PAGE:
Why are regular eye examinations important? Firstly, they help our Laser Eye Center doctors catch eye problems in their earliest stage, when they are easily treatable. Also, eye exams give our doctors the opportunity to adjust your prescription (if you already wear glasses or contacts) and are a good time to discuss helpful tips for eye care.
How Often Should I Have My Eyes Checked?
This depends on several factors, including your age, health status and risk of developing an eye disease/disorder.
The American Academy of Ophthalmology recommends that adults with no signs or risk factors for eye disease have a baseline eye disease screening at the age of 40 — this is the age at which signs of disease and visual changes start to crop up. If you have an eye disease or a risk factor for eye disease (e.g., diabetes, family history of eye disease) at any age, the AAO recommends you see an ophthalmologist regularly.
Based on the results of your exam, the doctor will advise how often to have your eyes checked. If you are 65 or older, you should have your eyes checked every year, or every other year, for signs of age-related eye diseases (e.g., cataracts, glaucoma, age-related macular degeneration).
What an Eye Exam Includes
Expect your eye exam to last between 45 and 90 minutes. During your exam, the doctor will do the following:
Review Your Medical History
You will be asked questions about your vision, overall physical health and any medications that you take or corrective lenses that you wear. The doctor may also inquire about your family’s medical history.
Test Your Visual Acuity
You will be asked to read a standard eye chart that tests how well you see at different distances (near and far). Your eyes will be tested one at a time, and you will be asked to cover the eye not being tested.
Examine Your Pupils
The doctor will shine a bright light through your pupils to evaluate how they respond to light. It’s common for your pupils to respond by constricting; if they dilate or do not respond, this could indicate a problem.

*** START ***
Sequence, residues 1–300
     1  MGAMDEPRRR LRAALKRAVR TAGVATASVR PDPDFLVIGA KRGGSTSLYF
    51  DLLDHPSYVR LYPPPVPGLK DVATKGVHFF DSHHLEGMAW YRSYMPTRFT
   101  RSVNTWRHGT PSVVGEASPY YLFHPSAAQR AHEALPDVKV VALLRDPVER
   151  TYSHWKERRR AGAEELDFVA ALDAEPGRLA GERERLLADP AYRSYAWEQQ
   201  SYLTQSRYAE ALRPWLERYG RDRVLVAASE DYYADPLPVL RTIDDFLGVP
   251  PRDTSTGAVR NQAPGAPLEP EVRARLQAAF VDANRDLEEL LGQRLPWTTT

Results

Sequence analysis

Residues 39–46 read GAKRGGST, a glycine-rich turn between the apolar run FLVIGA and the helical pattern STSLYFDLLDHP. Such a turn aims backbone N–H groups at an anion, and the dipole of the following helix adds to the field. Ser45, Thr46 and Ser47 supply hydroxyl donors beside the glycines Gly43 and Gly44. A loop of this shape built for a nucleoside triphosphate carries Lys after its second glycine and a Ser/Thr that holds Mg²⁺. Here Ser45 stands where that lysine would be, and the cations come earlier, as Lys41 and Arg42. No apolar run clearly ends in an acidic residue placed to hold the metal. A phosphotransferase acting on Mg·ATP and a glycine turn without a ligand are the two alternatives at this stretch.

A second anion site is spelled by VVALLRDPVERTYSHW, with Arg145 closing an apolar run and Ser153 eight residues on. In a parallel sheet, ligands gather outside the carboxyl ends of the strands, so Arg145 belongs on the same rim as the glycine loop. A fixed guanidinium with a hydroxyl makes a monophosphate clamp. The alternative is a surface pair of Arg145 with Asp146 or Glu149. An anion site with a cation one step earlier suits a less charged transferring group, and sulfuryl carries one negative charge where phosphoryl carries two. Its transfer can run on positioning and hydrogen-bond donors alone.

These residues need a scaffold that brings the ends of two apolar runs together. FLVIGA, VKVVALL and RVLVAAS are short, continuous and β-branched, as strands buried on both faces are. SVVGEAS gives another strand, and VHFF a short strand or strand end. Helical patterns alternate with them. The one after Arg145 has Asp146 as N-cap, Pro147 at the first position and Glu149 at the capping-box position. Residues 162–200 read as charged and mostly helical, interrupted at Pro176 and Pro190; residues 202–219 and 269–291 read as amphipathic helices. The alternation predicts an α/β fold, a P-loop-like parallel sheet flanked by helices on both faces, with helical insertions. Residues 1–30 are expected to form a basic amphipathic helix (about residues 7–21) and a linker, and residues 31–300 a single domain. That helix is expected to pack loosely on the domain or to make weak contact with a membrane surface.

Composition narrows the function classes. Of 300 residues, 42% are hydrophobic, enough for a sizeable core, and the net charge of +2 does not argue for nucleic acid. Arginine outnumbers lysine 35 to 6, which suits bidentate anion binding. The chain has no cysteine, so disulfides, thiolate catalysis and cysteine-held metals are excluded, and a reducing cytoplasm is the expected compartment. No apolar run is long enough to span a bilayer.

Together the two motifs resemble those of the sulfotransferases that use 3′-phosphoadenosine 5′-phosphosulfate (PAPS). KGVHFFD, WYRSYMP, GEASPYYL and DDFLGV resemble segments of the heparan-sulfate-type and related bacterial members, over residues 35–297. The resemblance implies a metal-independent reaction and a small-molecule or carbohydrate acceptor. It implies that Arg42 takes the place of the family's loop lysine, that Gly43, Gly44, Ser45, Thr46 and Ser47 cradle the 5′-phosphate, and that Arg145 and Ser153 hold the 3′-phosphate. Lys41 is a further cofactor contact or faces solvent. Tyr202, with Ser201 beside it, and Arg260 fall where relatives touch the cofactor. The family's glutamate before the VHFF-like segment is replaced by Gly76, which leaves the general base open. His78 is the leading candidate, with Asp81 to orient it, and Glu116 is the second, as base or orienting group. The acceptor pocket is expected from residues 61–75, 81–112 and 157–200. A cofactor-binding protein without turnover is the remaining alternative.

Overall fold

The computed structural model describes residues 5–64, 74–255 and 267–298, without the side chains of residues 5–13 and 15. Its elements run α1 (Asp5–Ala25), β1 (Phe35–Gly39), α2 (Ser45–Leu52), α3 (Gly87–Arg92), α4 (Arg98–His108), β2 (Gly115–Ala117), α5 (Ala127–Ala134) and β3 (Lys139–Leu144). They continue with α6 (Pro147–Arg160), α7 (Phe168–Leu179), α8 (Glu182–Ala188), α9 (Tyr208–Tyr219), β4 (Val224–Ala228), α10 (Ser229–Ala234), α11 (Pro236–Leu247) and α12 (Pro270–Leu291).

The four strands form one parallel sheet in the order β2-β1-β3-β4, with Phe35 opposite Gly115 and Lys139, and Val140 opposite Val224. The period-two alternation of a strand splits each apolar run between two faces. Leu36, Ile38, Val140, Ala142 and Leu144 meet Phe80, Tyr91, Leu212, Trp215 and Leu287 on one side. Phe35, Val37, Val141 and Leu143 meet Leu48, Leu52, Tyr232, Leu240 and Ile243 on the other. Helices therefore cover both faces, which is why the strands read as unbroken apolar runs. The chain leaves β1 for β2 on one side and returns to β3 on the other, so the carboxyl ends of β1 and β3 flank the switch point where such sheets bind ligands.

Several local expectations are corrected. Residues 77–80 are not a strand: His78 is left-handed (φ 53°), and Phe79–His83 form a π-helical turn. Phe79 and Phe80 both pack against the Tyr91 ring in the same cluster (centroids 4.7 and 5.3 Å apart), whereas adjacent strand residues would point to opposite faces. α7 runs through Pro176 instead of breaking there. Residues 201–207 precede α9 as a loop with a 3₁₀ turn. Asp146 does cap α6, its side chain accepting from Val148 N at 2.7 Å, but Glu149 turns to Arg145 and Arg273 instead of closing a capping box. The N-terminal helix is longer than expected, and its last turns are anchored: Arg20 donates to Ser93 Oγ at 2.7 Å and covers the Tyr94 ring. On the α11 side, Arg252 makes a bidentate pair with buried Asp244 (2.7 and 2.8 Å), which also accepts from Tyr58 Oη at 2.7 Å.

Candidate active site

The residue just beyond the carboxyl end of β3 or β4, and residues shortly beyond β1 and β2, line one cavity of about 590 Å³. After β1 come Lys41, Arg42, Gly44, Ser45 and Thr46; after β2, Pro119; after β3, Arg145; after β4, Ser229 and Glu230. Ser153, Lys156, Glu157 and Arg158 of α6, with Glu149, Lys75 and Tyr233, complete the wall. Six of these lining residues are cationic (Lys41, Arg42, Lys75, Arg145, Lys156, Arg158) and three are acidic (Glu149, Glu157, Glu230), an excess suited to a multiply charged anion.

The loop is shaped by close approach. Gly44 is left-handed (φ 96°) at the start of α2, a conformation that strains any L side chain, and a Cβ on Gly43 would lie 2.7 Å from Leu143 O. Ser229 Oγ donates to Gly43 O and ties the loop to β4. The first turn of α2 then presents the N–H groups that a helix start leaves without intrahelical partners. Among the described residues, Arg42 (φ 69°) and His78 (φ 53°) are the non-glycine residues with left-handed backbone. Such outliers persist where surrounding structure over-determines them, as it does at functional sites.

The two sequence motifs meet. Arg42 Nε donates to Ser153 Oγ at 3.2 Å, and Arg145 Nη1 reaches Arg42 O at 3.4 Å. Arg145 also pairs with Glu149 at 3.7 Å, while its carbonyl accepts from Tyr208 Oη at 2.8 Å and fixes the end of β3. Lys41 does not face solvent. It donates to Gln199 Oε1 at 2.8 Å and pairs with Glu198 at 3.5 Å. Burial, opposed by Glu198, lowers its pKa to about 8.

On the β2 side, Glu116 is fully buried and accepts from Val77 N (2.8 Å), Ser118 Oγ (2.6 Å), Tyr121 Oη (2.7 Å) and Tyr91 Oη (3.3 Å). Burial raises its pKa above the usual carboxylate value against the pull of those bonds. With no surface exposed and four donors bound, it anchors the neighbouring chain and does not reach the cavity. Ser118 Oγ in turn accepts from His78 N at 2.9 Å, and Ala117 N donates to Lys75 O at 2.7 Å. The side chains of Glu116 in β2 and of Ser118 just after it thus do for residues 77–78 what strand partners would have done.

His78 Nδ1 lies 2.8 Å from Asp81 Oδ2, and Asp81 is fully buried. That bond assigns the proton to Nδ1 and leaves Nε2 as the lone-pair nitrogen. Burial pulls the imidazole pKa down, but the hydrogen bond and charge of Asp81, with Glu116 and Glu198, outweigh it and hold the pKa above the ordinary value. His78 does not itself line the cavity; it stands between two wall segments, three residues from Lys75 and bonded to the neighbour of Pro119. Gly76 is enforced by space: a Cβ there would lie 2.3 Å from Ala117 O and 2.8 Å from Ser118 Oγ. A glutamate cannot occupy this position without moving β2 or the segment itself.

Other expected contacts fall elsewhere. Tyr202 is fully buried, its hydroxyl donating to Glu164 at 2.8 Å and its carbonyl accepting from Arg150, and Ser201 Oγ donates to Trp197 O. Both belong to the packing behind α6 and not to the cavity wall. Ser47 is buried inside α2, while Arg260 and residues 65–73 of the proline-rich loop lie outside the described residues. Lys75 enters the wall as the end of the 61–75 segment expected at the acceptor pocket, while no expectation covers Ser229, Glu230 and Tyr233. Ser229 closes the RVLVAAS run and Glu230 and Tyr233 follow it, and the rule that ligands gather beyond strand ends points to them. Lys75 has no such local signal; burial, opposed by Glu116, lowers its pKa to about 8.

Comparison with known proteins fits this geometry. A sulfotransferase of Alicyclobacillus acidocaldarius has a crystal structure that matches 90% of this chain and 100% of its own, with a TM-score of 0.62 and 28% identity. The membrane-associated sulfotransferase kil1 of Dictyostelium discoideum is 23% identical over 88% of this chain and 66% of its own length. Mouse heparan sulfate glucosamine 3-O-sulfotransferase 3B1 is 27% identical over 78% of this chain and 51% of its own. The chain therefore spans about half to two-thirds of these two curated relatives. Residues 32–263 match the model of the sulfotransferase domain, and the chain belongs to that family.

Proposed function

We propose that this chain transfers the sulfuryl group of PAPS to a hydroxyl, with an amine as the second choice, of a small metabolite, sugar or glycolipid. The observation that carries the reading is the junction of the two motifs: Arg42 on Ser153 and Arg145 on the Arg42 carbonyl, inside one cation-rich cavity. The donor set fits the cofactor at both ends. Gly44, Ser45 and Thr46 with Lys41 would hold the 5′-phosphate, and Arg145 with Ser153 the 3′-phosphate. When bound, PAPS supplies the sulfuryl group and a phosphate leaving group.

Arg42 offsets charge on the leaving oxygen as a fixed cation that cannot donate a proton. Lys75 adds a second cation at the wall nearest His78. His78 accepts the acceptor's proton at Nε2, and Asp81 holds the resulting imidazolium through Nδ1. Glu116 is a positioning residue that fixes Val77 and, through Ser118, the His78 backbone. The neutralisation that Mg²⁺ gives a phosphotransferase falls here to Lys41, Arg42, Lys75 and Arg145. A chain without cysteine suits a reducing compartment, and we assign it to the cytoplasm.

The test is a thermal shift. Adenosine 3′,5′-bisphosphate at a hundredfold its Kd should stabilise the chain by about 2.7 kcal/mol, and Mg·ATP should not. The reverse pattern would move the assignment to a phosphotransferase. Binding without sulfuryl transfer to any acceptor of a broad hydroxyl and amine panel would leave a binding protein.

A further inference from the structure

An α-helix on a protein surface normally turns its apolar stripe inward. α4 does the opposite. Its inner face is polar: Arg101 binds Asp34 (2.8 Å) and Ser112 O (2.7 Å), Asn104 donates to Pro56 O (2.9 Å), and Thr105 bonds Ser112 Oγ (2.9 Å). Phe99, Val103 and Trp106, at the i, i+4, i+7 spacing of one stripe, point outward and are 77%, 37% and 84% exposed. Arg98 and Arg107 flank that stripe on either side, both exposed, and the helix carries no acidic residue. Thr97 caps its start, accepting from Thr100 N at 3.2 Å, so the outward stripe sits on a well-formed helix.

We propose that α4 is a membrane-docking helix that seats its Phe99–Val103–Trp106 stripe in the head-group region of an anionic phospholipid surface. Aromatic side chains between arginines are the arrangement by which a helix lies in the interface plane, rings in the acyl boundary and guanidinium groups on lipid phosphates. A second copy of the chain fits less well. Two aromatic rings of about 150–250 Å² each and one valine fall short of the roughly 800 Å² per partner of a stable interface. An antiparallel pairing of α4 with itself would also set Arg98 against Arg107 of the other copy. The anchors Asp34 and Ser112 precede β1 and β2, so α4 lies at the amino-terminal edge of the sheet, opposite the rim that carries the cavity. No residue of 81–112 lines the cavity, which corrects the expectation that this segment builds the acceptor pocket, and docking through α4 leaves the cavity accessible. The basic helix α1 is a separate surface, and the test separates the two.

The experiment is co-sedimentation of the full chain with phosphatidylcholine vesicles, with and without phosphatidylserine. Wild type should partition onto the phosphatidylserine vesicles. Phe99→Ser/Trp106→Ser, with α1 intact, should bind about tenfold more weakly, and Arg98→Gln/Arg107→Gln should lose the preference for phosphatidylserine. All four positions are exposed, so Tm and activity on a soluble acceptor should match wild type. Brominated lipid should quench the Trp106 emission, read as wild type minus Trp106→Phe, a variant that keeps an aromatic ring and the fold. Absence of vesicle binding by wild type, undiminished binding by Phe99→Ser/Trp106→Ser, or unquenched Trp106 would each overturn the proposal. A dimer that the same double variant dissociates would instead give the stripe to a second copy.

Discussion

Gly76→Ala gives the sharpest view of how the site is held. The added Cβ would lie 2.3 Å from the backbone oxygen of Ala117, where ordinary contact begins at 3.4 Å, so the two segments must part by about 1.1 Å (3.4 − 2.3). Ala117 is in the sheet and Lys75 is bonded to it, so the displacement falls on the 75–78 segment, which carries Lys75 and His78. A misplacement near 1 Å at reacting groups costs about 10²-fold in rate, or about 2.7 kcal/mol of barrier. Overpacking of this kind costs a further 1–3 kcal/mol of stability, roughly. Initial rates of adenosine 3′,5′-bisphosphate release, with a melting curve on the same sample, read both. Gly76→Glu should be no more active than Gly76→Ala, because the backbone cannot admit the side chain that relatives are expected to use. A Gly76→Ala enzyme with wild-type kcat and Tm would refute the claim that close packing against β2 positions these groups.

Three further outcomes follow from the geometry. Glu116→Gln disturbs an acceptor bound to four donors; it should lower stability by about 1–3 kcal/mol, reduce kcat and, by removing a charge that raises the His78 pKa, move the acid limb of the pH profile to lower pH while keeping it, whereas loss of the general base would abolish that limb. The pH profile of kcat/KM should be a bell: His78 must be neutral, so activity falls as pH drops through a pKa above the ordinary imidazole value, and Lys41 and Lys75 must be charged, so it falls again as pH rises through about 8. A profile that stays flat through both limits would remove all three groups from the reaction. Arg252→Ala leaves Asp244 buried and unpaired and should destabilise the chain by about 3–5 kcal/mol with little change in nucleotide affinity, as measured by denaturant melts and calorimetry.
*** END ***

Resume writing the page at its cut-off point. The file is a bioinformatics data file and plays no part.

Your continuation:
Watch Your Eye Movement
The doctor wants to ensure proper eye alignment and ocular muscle function. He will test your eye’s ability to move quickly in all directions and slowly track objects.
Test Your Side Vision
The doctor will move an object at the edge of your field of vision and ask whether you can see it. Loss of peripheral vision could be an indicator of glaucoma.
Screen for Glaucoma
The doctor will measure your intraocular pressure (i.e., the fluid pressure inside your eyes) to detect possible glaucoma. Depending on the preferred method, this may involve a quick puff of air onto the eye or the gentle application of a pressure-sensitive instrument near or against your eye (while it is numbed). This is not painful; in fact, you won’t feel anything.
Check Your Prescription for Corrective Lenses
The doctor will ask you to look at an eye chart through a device called a phoroptor, which has different lenses. You will be asked to identify the lenses through which you see most clearly. This will help the doctor determine the best prescription for your eyeglasses or contact lenses to correct any refractive errors causing nearsightedness, farsightedness or astigmatism.
Look at the Front of Your Eye
A microscope-like instrument called a slit lamp will be used to illuminate the front part of your eye, including your eyelids, cornea, iris and lens, and check for potential problems (e.g., cataracts). A fluorescein dye may be used to color the film of tears over your eyes and check for any damaged cells.
Look at the Back of Your Eye
Special drops will be placed in your eye to dilate your pupils; then, the doctor will examine your retina and optic nerve for any signs of damage. Please note that dilating your eyes may cause temporary sensitivity to light.
After performing these tests, the doctor will discuss the results of the eye exam with you, and give you the opportunity to ask questions about the findings and anything else you’re curious about.
To schedule your next eye exam, please contact Laser Eye Center by calling 800-80-LASER or sending us an email.